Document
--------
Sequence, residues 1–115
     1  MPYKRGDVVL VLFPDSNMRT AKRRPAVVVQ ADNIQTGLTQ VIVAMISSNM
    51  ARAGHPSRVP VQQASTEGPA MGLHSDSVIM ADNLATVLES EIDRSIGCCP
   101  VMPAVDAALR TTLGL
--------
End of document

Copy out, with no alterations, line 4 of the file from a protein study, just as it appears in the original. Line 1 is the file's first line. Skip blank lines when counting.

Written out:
   101  VMPAVDAALR TTLGL